A week ago today I voted in the UK General Election. I voted because I didn’t vote in 2010 and the next day I immediately regretted it. For some reason I believed the outcome would be different if I had my say. Last Friday I learned I was wrong. I couldn’t believe it. After scanning multiple articles published by numerous media organisations, it finally started to sink in that the Conservatives had won. Once the shock wore off, fear set in. A Conservative (Americans, read: Republican) government sans the Liberal Democrats was going to be a bloodbath for those receiving benefits, whether healthy or disabled. £12bn of welfare cuts are going to be made, but no one knows who’s going to be hit.
So if the BBC’s document is any guide, George Osborne – reappointed as chancellor – could look to strip £1bn from carers’ allowances; means-test national insurance-backed unemployment benefits, saving another £1.3bn; and tax disability benefits to raise another £1.5bn. Then there’s limiting child benefit to two children – affecting a million families to save another £1bn.
I’m on Carer’s Allowance as a full-time carer for my mother, who’s on Disability Living Allowance. If either of those benefits are slashed or access to them reduced, many won’t be able to afford to care for partners, friends or relatives. As a result, there will be unnecessary deaths and those that can’t be cared for at home could grind the NHS and social care system to a halt. Reducing these benefits could prove more costly to the government than keeping them at current levels. In fact, increasing access could save the government money. It’s much cheaper to pay a relative £60 per week to care for someone than £800 to a nursing home.
For the disabled, a cut in their benefits would be isolating. That money has a mobilising effect. It pays for things such as wheelchairs and taxis. And as Rosa Davies states in her excellent article for the Guardian:
Disability isn’t only one way. It is imposed from outside as well as coming from within you. Just as we can disable or enable an internet connection, we all have the power to disable or enable human beings. If I go somewhere in my wheelchair and get stuck at the bottom of a staircase, it isn’t just my illness that prevents me from completing my journey: it is also the lack of ramps or lifts that disable me. Install a ramp or a lift and voila! I can proceed. My illness is about the way my body functions or fails to function, but my disability includes how accommodating or unaccommodating society is towards disabled people. If disabled people aren’t enabled by society, we simply become more disabled.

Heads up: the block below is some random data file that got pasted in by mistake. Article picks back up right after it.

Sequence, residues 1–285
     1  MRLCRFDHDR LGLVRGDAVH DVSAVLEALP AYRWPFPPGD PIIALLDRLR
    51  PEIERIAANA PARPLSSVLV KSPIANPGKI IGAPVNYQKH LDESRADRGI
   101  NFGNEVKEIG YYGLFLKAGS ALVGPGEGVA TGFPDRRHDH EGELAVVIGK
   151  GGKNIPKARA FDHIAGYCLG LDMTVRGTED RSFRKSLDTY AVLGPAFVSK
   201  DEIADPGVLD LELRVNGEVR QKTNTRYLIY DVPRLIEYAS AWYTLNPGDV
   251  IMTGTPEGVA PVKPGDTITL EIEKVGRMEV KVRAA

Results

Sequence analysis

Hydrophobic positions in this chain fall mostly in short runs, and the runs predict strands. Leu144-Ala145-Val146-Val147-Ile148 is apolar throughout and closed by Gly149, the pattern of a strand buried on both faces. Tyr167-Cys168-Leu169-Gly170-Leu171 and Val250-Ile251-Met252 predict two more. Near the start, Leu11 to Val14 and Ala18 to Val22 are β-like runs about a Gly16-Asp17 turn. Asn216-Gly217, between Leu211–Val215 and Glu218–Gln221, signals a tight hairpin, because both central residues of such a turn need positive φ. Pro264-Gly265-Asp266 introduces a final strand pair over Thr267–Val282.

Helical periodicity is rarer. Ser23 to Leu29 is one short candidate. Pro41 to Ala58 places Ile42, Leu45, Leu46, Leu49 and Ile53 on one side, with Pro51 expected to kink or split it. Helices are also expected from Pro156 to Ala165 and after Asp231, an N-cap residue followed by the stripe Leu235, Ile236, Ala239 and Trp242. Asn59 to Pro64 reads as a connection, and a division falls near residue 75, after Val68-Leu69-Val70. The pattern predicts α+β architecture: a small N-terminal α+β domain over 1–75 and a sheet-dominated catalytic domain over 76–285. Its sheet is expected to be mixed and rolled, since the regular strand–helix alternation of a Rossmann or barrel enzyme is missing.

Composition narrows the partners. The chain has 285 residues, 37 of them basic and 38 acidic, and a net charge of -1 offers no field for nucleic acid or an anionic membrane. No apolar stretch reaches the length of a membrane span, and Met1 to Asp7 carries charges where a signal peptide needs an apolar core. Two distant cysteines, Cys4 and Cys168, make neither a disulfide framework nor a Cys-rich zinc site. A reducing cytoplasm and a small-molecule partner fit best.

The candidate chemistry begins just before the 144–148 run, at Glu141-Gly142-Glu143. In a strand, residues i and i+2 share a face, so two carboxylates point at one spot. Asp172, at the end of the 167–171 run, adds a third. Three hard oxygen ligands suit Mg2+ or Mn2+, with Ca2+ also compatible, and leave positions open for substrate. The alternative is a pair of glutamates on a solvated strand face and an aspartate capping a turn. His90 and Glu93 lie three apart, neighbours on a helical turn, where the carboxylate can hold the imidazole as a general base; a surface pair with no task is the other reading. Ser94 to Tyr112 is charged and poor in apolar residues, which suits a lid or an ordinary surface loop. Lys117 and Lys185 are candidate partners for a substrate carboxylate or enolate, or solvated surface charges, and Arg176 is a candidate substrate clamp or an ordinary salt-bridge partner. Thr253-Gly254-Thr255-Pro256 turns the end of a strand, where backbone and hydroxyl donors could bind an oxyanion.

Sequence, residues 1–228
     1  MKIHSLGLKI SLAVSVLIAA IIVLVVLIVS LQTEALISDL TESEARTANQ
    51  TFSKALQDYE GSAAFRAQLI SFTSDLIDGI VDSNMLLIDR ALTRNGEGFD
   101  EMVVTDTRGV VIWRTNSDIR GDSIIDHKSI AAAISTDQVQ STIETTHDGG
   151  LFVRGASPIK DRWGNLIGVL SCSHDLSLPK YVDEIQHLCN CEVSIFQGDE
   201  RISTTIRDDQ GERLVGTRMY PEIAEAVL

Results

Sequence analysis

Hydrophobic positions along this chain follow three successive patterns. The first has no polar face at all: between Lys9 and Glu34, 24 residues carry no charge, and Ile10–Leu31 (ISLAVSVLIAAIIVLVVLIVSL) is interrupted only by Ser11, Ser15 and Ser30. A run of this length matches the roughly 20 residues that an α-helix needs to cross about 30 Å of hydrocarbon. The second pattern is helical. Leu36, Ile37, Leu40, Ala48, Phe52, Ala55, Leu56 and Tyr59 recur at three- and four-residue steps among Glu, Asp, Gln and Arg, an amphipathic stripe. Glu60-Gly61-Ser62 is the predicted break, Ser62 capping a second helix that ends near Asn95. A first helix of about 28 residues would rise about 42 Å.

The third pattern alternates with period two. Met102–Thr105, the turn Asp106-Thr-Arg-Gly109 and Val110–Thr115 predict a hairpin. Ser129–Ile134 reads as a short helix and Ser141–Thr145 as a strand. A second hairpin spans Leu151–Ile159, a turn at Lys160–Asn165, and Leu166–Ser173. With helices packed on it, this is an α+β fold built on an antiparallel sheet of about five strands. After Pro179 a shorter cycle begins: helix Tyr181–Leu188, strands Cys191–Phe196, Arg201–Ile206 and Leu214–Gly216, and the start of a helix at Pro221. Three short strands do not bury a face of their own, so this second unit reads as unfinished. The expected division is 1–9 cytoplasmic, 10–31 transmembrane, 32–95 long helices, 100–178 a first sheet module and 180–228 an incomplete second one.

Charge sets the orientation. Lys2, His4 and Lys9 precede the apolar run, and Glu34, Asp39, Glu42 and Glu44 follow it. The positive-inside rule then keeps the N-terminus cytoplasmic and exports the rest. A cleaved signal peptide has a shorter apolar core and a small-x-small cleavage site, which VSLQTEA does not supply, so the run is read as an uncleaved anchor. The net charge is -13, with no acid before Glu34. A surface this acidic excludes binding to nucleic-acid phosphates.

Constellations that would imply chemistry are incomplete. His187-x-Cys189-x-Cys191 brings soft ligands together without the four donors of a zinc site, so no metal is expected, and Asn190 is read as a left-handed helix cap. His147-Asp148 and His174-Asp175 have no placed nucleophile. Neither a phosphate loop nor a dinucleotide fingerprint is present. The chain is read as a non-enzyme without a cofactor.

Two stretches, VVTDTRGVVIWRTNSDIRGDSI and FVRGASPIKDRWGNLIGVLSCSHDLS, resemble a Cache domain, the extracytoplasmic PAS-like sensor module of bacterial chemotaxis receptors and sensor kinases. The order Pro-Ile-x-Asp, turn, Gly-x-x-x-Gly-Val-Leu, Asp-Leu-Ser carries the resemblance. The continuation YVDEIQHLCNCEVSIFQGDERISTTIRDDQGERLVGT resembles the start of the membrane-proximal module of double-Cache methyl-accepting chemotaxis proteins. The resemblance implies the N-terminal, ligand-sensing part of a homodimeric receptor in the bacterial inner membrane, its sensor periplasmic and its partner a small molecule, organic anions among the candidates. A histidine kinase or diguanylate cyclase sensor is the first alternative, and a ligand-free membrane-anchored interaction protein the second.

I know for a fact that if my mother didn’t have me to reassure her, she’d be joining hundreds, if not thousands, of others calling the Samaritans in utter terror for fear that their ability to not only survive but live and flourish could be compromised in the near future.
Only 66% of the eligible population voted, 37% of whom voted Conservative – meaning only 25% of those eligible to vote voted for this party, and yet they won. Commentators are calling the Tory voters in this election the ‘I’m okay, so I don’t care’ group who felt ashamed of their choice since so few of these ‘shy Tories’ admitted their preference in opinion polls prior to the election. Davies includes a quote by Richard Herring in response to this feeling which I’m going to replicate here.
“If you’re not disabled now, then one day you might be. When that happens you’ll want to go to the pub or get on public transport. You’ll want to be seen as a person, not as a disability. Purely out of selfishness you should be fighting for disabled rights. If you don’t, you are prejudiced against your future self. And your future self hates you and thinks you’re a dick.”